Stock markets provide important insights into which industries are on the rise and which are heading down. 

Look at the trend for Dean Foods, the dairy market monopolists, over the last five years, and you’ll see a clear downward path in share price, from over $16 a share five years ago to under $2 currently.  You didn’t need me to tell you that—all you have to do is view the dairy aisle in pretty much any grocery, to see that space once given over to milk and cream has been replaced by soy, almond, and coconut “milk”.  Or just have a 90-second conversation with the owner of a small dairy farm. 

You can also read about this trend in the prospectus for the high-flying Beyond Meat (BYND) initial stock offering: “A key analogy for both the approach to and the scale of our opportunity is the strategy by which the plant-based dairy industry captured significant market share of the dairy industry. In the United States, the current size of the non-dairy milk category is equivalent to approximately 13% of the size of the dairy milk category. According to the Mintel Report, the non-dairy milk category in the United States was estimated to be approximately $2 billion in 2017. The success of the plant-based dairy industry was based on a strategy of creating plant-based dairy products that tasted better than previous non-dairy substitutes, packaged and merchandised adjacent to their dairy equivalents. We believe that by applying the same strategy to the plant-based meat category, it can grow to be at least the same proportion of the approximately $270 billion meat category in the United States, which over time would represent a category size of $35 billion in the United States alone.” 

(By the way, IPO statements are great ways to learn about important trends in new industries. I suggest you review the BYND filing to better understand how they see their role in the established food business.)

For now, the markets are telling us that a whole new food industry is being born for plant-based “meat.” As I wrote in my previous post, the new stock offering from BYND has gone crazy, rising in less than three weeks from an initial price of $25 to around $90 a share. A lot of market analysts will tell you that BYND is way overpriced, and shouldn’t be valued at something in excess of $5 billion.  Another fake-meat startup, Impossible Foods, is being valued at more than $2 billion, before it even goes public, according to one report I read. These two companies together, at more than $7 billion, aren’t that far behind Tyson Foods, the behemoth in the meat industry valued at about $30 billion, except that Tyson has been in business for 85 years.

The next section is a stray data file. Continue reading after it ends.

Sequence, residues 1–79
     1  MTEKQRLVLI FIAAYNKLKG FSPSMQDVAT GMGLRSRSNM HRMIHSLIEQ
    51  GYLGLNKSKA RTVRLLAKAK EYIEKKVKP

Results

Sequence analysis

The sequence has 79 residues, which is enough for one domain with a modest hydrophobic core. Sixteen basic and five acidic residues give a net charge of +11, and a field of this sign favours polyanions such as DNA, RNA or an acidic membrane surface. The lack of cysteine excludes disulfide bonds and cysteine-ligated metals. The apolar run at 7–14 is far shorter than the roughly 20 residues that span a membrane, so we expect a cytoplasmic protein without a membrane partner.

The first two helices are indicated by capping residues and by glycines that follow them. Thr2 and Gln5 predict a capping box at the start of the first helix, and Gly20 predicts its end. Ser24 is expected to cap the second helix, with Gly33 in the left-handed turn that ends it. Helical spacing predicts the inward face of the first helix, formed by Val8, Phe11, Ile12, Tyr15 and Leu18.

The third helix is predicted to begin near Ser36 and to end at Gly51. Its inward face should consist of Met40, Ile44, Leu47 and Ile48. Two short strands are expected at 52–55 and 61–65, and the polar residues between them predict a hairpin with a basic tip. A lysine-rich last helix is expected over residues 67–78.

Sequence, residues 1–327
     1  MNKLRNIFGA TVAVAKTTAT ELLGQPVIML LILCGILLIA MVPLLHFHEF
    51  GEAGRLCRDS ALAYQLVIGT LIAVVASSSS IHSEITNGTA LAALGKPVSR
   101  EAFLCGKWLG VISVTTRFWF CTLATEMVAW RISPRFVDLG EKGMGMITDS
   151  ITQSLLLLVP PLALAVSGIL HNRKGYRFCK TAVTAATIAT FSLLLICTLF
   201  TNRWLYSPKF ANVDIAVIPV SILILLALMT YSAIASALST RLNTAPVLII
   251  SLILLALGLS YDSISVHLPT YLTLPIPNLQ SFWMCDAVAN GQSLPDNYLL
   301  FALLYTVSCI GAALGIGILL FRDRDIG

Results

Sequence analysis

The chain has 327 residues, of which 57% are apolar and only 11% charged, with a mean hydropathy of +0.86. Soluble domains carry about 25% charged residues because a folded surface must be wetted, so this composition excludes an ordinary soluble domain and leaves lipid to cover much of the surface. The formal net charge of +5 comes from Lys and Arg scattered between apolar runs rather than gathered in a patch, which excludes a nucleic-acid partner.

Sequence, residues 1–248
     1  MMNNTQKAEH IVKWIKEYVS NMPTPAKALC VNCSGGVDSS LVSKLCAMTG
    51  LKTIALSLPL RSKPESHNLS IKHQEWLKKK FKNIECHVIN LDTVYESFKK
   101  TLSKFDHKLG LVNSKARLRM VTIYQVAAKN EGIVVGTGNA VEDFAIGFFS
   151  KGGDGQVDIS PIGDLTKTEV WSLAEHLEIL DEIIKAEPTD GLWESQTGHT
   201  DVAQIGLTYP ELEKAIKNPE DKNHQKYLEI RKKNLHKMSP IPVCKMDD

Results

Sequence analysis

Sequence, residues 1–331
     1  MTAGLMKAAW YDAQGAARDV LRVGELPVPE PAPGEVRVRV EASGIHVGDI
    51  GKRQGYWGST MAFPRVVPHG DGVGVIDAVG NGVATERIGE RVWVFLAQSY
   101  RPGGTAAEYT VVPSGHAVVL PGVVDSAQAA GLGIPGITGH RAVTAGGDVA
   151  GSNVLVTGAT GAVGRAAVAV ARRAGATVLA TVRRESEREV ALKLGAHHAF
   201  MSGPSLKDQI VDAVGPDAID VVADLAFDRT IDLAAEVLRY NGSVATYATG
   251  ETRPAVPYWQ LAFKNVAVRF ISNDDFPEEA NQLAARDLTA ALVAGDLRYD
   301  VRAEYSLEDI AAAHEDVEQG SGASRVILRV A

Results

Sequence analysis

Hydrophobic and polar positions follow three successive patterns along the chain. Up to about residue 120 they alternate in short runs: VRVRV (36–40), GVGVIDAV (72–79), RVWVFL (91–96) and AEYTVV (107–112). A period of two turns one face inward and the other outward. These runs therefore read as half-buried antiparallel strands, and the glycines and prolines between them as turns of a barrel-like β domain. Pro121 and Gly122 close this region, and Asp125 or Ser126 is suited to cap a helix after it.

I heard an analyst from Motley Fool, a consumer stock advisory service, caution on a video discussion against buying into BYND. “Margins for food products tend to be low,” he said. 

A number of readers here have reacted negatively to the BYND excitement because of concerns about the possible presence of glyphosate (the poison in Roundup) and because of corporate manipulation of prices and promotion. They may be right as far as the stock is concerned—it may well flame out. But the company is definitely onto some important trends in food consumption in the U.S., including concerns about animal welfare, the environmental impact of Big Ag practices, and concerns about climate change. 

One overlooked outcome from all the hype is that good “real” food could benefit. Raw milk producers tell me that business continues to boom for many of them, despite the crash in pasteurized milk products. I think that what may be happening is that what we sometimes call “good” food may become more popular, and valued. Yes, people may put almond milk in their smoothies, but when they want real food to feed their children, raw milk yogurt and kefir and eggs from pastured hens will be the choices. When they want a special meal to celebrate an anniversary, then real steak from grass-fed beef, or real chicken from pastured chicken, will be the choices. If the price for such items is double or more what the commodity Big Ag variety costs, that’s okay, because people understand you have to pay for quality. 

I’m bringing a bunch of Beyond Meat burgers to a cookout tonight, to see how I like them and how others react. It’s an expensive treat: the “burgers” pictured above run $6 for two quarter-pounders, which works out to $12 a pound for veggie-based “meat”. Pretty rich. Yet when I sought out the Beyond Meat burgers at a New Hampshire Whole Foods Market on Friday afternoon, they were among the last packages available. “Amazing,” said a meat counter man. “I just filled up the shelves a couple hours ago.”